Collecting to the Core: Evolution for Ever yone Anne Doherty CHOICE/ACRL 0 1 0 1 0 Louise F. Deis Princeton University 1 by Louise F. Deis, Science and Technology Reference Librarian, Lewis Science Library, Princeton University; General Science Editor, Resources for College Libraries - Collecting to the Core — Evolution for Everyone Column Editor: Anne Doherty (Resources for College Libraries Project Editor, CHOICE/ACRL) <> Column Editor’s Note: The “Collecting to the Core” column highlights monographic works that are essential to the academic library within a particular discipline, inspired by the Resources for College Libraries bibliography (online at http://www.rclweb.net). In each essay, subject specialists introduce and explain the classic titles and topics that continue to remain relevant to the undergraduate curriculum and library collection. Disciplinary trends may shift, but some classics never go out of style. — AD Efor specialist researchers as well as the volution is fascinating subject matter general reader. Tracing a universe set in motion by a “big bang” 13.8 billion years ago, science scholarship has shown that evolutionary change is never-ending. We have learned that life emerged from stardust and under “just so” conditions single living cells arose. Throughout its 4.5-billion-year existence, Earth has been shaped by cataclysmic as well as infinitesimal change, and the life forms that began approximately 3.5 billion years ago have adapted to — or perished from — the many different conditions and circumstances. Recent decades have brought new discoveries from the field by paleontologists and biologists and in the laboratory by molecular biologists and geneticists. This essay discusses evolution books (largely specific to animals) aimed primarily at the general public or nonscience student. Any single one of these titles offers an accessible background to evolutionary science; as a whole, they provide a small collection of contemporary general works for anyone interested in evolution and the history of life on Earth. Georges-Louis Leclerc, Comte de Buffon, natural historian of wide-ranging interests, conceived of the ideas of geological history and paleontology in the mid-eighteenth century, preceding those with much more familiar names in the foundation of evolutionary theory: Charles Darwin, Alfred Russel Wallace, Jean-Baptiste Lamarck. Additional credit belongs to George Gaylord Simpson, Alfred Romer, and Lynn Margulis for testing and transforming evolutionary theory into proven fact. John Maynard Smith deserves recognition as having written one of the twentieth century’s seminal works in the field, The Theory of Evolution, first published by Penguin in 1958 with a 1993 canto edition from Cambridge University Press featuring a foreword by Richard Dawkins.1 Whereas Maynard Smith’s work is perhaps the most dense cited here (though quite comprehensible for the general reader), the most beautiful book in this list is easily evolutionary biologist Douglas Palmer’s Evolution: The Story of Life.2 It definitely qualifies for the coffee table, as it is filled with illustrations providing wonderful tableaus of prehistoric periods derived from “100 of the finest fossil sites from around the world.” Characteristic species are drawn, named, and placed in time and space, all in full color. Palmer includes a gazetteer of sites, an index to species, a taxonomic listing of species, and a section depicting relationships (cladistics) among animals based on fossil and biochemical similarities. By contrast, paleontologist Michael Benton has written The History of Life, which you can stick in your pocket, though it is also available online as part of Oxford’s “Very Short Introduction Series.”3 It is eminently readable, with 20 key photos, charts, and illustrations. His chapters include origins of life, sex, skeletons, and life on land. He devotes a chapter to “Forests and Flight,” when plants and animals adapted to land-living, and he discusses the end-Permian mass extinction and origins of modern ecosystems and humans. The lasting legacy of Charles Darwin reverberates through nearly all present-day work on evolution. Modern scientists not only build on Darwin’s hypotheses and observations, they use his lyrical language. One of the most recent to do so is author Carl Zimmer, an award-winning and reliable source for eloquent popular science writing. His 2014 The Tangled Bank: An Introduction to Evolution is a valuable textbook whose title alludes to Darwin’s poetic imagery, from the concluding pages of the Origin of Species, of an “entangled bank” teeming with interdependent life forms.4 Zimmer briefly defines evolution as “descent with modification” and sets out his agenda with the statement, “Understanding evolution is too important to be limited only to evolutionary biologists.” He begins with “Walking Whales,” showing that some forms of life returned to the water; additional chapters cover geology and paleontology, the biological tree of life, how change can occur, molecular evolution, adaptation, sex, origins, and macroevolution. The final three chapters deal with the evolution of humans and behavior, as well as evolutionary medicine. Each chapter has a generous bibliography pointing readers to further research and nearly every page features a color photo, illustration, chart, or graph. If pictures appeal, certainly Fossils: The History of Life by Richard Fortey, former senior paleontologist at London’s Natural History Museum, deserves inclusion. Now in its fourth edition, this volume illustrates life over time with beautiful, colorful fossil photos and illustrations, and Fortey has won much recognition for his ability to explain science to the public.5 One would be completely edified and entertained by reading any of the following books by evolutionary biologist Sean B. Carroll: The Making of the Fittest, Endless Forms Most Beautiful, or Remarkable Creatures.6-8 His ability to communicate abstruse concepts and clearly illustrate scientific stories makes him one of the current preeminent authors writing scientific research with mass appeal. The chapters of Fittest begin with captivating stories from great moments of scientific history, including the first use of DNA analysis, the discoveries of the icefish and the coelacanth, and the tale of Trofim Lysenko’s pseudoscience. In Remarkable Creatures Carroll presents a compilation of biographies of famous naturalists and scientists who have made remarkable discoveries, often under great hardships, in natural history, fossils, or species. He features the groundbreaking work from thinkers like Alexander von Humboldt, Charles Darwin, Alfred Russel Wallace, and Henry Walter Bates, then moves into the modern molecular basis for evolution with stories about Linus Pauling, Emile Zuckerkandl, Allan Wilson, Vincent Sarich, Mark Stoneking, and Svante Pääbo. Any list discussing monographs on evolu tion should also include work by the influential paleontologist and evolutionary biologist Stephen Jay Gould. Of his many works, Wonderful Life is included here because of its discussion of the Burgess Shale Formation found in the Canadian Rockies.9 These are fascinating fossils of many different soft-bodied fauna that appear to have no descendants, an example of “chance” evolution. In this book Gould also echoes Darwin’s ideas regarding the testability of evolution — its unpredictability and contingent nature — by explaining theories via “embryology, biogeography, the fossil record, vestigial organs, and taxonomic relationships.”10 Andrew Knoll (Professor of Natural History and Professor of Earth and Planetary Sciences at Harvard University) deserves inclusion also for his scholarly yet lucid book Life on a Young Planet: The First Three Billion Years of Evolution on Earth.11 He writes picturesquely, even though the book does not contain many pictures or illustrations, and the epilogue is particularly eloquent. This book includes a lengthy section for further reading. Paleontologist Neil Shubin is Professor of Anatomy continued on page 69 OVER Collecting to the Core from page 68 at the University of Chicago and was part of a team to discover a missing link in the evolution of creatures from sea to land, Tiktaalik roseae. His Your Inner Fish: A Journey into the 3.5 Billion Year History of the Human Body traces aspects of human development from the first vertebrates, following the phylogeny (development over generations of related species) of teleost fishes to human anatomy: arms and hands, teeth, breathing apparatus, olfaction, hearing, and vision.12 This monograph is a best seller which has also been adapted into a PBS television series, and represents well how approachable scientific research can be for the general population. Titles explaining evolution also often directly confront the sector of skeptics who doubt evolutionary science. Two publications released in 2009 (also the 150th anniversary of the original publication of Darwin’s The Origin of the Species) attempt to cement evolution as a scientific certainty. Richard Dawkins is a well-known scientist (and secularist) who makes a very solid case for the “inescapable fact” of evolution in The Greatest Show on Earth: The Evidence for Evolution.13 The evidence presented is not only observational and empirical, but has been experimentally recreated in the lab as well. Jerry Coyne, a professor in ecology and evolutionary biology at the University of Chicago, wrote Why Evolution Is True.14 He defines evolution and explains how we can tell the age of fossils by what is “Written in the Rocks.” Coyne discusses embryonic development and dead ends, with chapters on sexual selection and human evolution. Throughout, the writing is clear, insightful, and well documented. The Fact of Evolution, by anthropologist Cameron Smith, plainly explains biological replication, variation, selection, speciation, and evolution.15 He recounts evidences of evolution in action with examples from insects, crustaceans, birds, fish, mammals, viruses, and other microbes. There are figures and tables, extensive notes and indexes, and a healthy bibliography and webliography. Scientific discourse naturally contains a long history of contrasting and culturally charged viewpoints (see eighteenth-century French paleontologist George Cuvier and his then-radical ideas on extinction); other authors attempt to integrate the possibility that religious belief is compatible with evolutionary truth. Nobel Prize winner and biochemist Christian de Duve has written a few books that approach evolutionary science with an element of spiritual grace. Life Evolving: Molecules, Mind, and Meaning explores the chemical molecules that make up life, the origin of cells, multicellularity, and beyond.16 Raised Catholic, de Duve writes eloquently about the differences between science and religion. His later book, Genetics of Original Sin: The Impact of Natural Selection on the Future of Humanity, is outstanding, but rather despairing of humanity’s destructiveness.17 Simon Conway Morris, a paleobiologist, takes the position that evolution is more patterned and directed than random. He has written at least one monograph defending this stance, Life’s Solution: Inevitable Humans in a Lonely Universe, as well as chapters for compilations on science and religion.18 An excellent book on evolution and the origin of life is How Life Began: Evolution’s Three Geneses, by French marine biologist Alexandre Meinesz (translated by Daniel Simberloff).19 It concentrates on three “geneses” of life — bacteria, nucleated cells, and multicellular organisms — showcasing how evolutionary events like natural selection, recombination, mutation, and geologic cataclysm create biodiversity and a “grandeur of life.” In a topic as historic, wondrous, universal, and ever-changing as evolution, it can be challenging to limit titles to a brief bibliography such as this. Many of the selections herein exist at a fine intersection to be profitably, and enjoyably, read by both the amateur and professional. These monographs not only complement the undergraduate library collection in the sciences; they offer entry for everyone into the never-ending story of evolutionary life on Earth. endnotes on page 70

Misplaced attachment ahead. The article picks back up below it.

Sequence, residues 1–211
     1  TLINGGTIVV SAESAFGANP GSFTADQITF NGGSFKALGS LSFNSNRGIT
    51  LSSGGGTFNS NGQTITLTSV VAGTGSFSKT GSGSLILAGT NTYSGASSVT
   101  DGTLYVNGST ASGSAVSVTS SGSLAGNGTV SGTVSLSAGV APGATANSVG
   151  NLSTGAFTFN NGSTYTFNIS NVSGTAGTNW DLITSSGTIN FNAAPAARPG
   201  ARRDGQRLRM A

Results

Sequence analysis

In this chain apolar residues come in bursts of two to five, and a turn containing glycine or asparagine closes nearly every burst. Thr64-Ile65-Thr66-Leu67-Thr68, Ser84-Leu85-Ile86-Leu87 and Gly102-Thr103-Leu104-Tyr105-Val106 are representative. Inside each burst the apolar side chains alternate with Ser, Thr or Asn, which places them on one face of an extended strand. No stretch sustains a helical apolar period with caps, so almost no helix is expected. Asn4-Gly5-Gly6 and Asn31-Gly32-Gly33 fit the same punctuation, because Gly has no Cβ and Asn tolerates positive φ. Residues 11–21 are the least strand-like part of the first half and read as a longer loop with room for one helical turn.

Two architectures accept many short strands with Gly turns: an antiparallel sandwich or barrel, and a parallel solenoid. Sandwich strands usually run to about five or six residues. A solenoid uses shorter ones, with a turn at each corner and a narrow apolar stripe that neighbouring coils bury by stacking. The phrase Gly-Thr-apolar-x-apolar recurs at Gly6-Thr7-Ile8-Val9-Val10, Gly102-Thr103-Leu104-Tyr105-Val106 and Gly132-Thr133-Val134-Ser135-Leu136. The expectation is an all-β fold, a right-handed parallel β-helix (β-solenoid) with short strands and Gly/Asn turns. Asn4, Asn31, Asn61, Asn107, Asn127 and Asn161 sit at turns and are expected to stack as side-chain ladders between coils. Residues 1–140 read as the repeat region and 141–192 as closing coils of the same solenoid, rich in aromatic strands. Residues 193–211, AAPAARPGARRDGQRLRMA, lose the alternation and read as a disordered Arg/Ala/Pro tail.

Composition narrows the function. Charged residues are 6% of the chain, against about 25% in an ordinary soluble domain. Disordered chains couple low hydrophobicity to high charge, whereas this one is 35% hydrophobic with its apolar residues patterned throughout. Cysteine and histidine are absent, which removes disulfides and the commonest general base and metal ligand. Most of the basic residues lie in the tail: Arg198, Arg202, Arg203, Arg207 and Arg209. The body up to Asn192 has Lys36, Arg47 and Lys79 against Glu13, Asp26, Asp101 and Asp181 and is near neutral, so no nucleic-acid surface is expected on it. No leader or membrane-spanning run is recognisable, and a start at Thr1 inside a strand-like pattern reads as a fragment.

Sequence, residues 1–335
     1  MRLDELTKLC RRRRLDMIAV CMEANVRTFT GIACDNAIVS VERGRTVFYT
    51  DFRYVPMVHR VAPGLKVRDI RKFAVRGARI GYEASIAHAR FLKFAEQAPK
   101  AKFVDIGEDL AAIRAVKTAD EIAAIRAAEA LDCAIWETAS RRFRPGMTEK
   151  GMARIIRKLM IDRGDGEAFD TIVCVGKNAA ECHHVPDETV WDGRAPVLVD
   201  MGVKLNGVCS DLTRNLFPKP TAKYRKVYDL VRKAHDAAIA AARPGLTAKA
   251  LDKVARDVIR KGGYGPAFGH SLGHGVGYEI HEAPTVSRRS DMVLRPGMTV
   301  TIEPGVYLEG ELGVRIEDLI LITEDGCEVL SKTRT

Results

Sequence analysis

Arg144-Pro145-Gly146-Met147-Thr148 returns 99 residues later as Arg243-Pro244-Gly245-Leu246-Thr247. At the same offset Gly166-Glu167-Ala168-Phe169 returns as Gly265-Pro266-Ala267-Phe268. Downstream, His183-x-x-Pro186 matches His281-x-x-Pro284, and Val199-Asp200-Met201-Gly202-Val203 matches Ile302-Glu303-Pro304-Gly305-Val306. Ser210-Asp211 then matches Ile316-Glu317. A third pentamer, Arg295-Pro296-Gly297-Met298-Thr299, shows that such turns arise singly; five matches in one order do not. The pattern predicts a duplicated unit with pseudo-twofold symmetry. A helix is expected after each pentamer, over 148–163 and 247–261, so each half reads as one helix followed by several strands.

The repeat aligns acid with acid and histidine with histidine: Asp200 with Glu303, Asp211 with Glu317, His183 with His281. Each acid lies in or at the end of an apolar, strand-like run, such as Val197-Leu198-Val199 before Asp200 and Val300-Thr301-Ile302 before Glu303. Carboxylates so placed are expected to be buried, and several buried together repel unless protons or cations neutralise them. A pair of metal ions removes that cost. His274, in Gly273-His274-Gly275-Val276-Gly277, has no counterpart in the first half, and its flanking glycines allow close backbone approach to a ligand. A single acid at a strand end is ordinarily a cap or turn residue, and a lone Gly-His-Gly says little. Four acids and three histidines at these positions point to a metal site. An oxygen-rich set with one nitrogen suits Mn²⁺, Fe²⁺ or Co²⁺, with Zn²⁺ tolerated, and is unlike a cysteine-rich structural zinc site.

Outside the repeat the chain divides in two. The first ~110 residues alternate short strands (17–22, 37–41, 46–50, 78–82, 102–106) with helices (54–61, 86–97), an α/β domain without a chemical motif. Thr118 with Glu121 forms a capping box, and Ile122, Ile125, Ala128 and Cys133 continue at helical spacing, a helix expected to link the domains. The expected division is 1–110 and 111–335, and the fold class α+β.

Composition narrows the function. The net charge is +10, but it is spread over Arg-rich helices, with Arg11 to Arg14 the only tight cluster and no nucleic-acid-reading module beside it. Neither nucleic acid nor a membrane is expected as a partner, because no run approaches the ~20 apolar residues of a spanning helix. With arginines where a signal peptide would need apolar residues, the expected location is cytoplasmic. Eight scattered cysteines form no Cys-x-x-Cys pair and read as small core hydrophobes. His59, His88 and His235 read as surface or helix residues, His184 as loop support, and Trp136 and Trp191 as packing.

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Anne Doherty, Louise F. Deis. Collecting to the Core: Evolution for Everyone, Against the Grain, 2017,